After a few hours we were ready to call Jason and meet up at the bar so we went to one of the restaurants in the old town and had lunch. We chose the Floradora Saloon, at a friend of Jason's suggestion (that friend had lived in Telluride several years thus a trusted source) which had the best fried cheese medallions and sandwiches I've ever had. It's a casual place with wood floors and tables covered in paper (to which some of the guests have created amazing art with crayons which is displayed on the walls) and they served everything from Caprese Benedict to BBQ duck quesadilla's. It's a family-owned and operated restaurant and bar and they use natural and organic ingredients from region. Afterwards we walked up the street to the Steaming Bean, my favorite coffee place which I was introduced to in Steamboat. They have the spiciest chai I've ever tasted.

Even though lift tickets in Telluride are expensive, they have free Gondola rides that take you from the old town to the mountainside village. Dogs are even allowed in designated gondola's and you can take it back and forth until midnight. Taking the gondola is a great way to see the town as well as the tiny airport which is just a landing strip with a cliff at the edge of the runway. Seeing all the skiers come down the hill from the mountain side made me want to run to the nearest lift line and jump onboard, but I guess we will have to save the alpine skiing for another day.

After a full day in Telluride, complete with souvenir shopping we returned to Ouray to enjoy our last night in town. By this point it started snowing pretty hard so we what else to do but enjoy the hot tub? We actually ordered a few pizzas (which as a side not it's ridiculously hard and expensive to find pizza delivery in Ouray. There is only one place in town that delivers which I think is the restaurant in the Best Western) and had them delivered to the hot tub where we soaked and enjoyed the snow. By this time we were only one of about 3 groups left staying at the hotel so we had the place all to ourselves. You really get a feel for how desolate the town is in the winter on other weekends. There is a great hot springs in Ouray with swimming pool size outdoor pools but we didn't have a chance to make it over this time.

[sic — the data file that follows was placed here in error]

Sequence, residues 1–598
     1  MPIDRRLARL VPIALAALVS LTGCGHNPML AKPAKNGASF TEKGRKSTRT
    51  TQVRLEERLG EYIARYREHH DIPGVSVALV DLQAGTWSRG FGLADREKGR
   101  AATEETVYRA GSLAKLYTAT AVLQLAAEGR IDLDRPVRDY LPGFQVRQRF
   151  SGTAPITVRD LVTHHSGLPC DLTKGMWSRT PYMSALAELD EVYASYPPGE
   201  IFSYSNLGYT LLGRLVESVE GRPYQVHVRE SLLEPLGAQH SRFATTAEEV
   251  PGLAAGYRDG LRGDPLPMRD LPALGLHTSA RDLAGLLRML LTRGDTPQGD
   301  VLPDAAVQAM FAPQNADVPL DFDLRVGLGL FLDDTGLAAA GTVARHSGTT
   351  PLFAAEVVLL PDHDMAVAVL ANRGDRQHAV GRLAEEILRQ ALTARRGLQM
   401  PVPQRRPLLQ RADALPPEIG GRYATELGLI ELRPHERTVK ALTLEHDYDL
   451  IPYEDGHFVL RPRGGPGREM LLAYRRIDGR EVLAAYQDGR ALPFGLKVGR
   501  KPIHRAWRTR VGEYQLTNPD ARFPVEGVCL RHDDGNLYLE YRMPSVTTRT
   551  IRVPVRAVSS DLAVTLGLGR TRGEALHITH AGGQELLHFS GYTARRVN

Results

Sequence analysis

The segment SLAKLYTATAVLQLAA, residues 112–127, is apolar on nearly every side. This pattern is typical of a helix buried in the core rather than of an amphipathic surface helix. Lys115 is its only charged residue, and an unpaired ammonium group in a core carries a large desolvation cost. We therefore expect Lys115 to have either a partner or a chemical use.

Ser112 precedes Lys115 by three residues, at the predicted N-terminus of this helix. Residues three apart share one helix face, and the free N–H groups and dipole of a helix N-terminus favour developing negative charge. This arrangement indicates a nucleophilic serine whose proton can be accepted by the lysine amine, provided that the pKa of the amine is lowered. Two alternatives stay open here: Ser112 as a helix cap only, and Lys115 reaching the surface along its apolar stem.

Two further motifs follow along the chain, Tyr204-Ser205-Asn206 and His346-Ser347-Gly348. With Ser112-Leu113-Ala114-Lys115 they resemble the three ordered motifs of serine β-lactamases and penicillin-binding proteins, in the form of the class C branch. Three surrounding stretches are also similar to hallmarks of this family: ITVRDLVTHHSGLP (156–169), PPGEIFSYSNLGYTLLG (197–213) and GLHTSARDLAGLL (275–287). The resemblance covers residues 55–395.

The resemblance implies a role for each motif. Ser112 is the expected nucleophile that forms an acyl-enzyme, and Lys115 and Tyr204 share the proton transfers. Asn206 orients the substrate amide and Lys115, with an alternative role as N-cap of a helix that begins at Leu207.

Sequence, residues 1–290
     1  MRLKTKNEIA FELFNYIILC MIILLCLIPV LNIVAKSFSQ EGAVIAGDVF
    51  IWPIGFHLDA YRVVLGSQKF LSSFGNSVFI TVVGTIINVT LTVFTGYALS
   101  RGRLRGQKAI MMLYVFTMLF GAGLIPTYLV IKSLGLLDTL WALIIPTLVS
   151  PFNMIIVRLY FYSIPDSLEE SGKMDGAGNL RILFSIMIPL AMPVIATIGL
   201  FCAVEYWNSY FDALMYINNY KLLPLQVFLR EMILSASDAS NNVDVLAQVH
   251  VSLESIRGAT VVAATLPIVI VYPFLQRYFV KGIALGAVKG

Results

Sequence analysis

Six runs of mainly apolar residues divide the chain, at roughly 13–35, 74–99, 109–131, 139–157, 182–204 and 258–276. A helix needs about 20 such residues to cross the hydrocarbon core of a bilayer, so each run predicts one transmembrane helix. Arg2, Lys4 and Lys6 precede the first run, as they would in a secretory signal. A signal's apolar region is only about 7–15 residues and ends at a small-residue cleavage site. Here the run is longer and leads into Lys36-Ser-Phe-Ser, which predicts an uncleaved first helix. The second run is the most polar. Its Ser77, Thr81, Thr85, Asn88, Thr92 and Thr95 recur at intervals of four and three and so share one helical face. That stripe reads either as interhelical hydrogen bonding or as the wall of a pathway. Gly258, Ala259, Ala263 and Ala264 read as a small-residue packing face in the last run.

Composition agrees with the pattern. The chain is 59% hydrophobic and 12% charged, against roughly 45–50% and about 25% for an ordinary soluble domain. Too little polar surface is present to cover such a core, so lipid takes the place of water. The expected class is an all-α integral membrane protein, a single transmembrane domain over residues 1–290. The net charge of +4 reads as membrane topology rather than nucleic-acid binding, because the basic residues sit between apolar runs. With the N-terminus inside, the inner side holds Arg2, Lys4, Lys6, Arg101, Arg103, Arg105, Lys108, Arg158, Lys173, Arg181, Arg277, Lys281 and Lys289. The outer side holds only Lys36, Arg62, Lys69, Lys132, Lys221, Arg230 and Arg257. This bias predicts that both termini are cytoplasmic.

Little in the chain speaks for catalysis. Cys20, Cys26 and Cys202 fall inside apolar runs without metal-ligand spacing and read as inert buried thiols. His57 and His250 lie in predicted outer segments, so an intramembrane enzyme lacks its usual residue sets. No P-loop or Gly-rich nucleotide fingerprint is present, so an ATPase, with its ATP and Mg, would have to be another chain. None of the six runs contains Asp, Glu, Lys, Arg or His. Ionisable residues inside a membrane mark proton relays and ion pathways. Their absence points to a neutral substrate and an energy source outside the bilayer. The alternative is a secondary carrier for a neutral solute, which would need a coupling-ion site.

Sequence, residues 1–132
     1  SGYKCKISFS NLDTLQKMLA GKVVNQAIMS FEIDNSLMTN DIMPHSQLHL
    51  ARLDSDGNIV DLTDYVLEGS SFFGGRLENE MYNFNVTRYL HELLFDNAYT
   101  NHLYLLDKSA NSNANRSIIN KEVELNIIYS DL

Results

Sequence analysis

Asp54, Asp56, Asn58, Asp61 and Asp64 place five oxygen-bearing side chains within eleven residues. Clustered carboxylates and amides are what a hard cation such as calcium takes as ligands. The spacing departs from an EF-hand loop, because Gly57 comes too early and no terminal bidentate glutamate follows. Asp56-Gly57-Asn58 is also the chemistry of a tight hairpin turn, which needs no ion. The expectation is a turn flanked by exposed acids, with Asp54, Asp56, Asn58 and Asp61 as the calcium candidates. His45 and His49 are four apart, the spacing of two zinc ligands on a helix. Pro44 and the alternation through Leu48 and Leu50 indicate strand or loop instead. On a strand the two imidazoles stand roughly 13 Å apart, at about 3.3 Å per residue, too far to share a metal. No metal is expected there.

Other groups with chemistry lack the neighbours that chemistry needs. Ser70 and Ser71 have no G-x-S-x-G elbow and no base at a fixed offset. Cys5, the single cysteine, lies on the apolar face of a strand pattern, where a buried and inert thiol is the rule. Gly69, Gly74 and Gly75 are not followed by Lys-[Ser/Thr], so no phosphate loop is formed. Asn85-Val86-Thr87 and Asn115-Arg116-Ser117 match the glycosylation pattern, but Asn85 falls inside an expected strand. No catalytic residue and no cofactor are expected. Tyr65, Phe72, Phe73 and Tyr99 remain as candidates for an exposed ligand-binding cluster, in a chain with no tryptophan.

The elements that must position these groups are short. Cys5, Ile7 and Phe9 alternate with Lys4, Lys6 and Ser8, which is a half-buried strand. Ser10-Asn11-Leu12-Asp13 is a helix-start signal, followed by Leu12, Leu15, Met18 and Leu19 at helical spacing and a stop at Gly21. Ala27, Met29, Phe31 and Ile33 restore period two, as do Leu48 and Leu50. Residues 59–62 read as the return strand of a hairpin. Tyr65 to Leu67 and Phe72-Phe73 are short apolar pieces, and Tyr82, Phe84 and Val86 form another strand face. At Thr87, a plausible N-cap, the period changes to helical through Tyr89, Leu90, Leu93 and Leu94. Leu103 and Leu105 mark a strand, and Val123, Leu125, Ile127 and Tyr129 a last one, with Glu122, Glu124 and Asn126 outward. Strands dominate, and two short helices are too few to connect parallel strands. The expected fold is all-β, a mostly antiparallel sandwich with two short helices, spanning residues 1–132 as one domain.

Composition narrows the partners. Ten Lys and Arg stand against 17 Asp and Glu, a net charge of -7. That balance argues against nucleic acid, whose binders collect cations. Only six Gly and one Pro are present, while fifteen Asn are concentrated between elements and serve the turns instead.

(beanies and bikini's)
I really enjoyed my whole experience in Ouray and Telluride. Small mountain towns are so nice to visit and the people there are friendly and accommodating, if not sometimes a little nosy (aka the manager of our hotel). While I didn't get to try ice climbing myself this year I now have a new appreciation for those that excel at the sport and how it keeps a small town like Ouray alive in the winter. I also hope to return to Telluride for the bluegrass festival this summer and perhaps do some hiking in the area. After all, I hear there are a few 14ers to be hiked nearby :)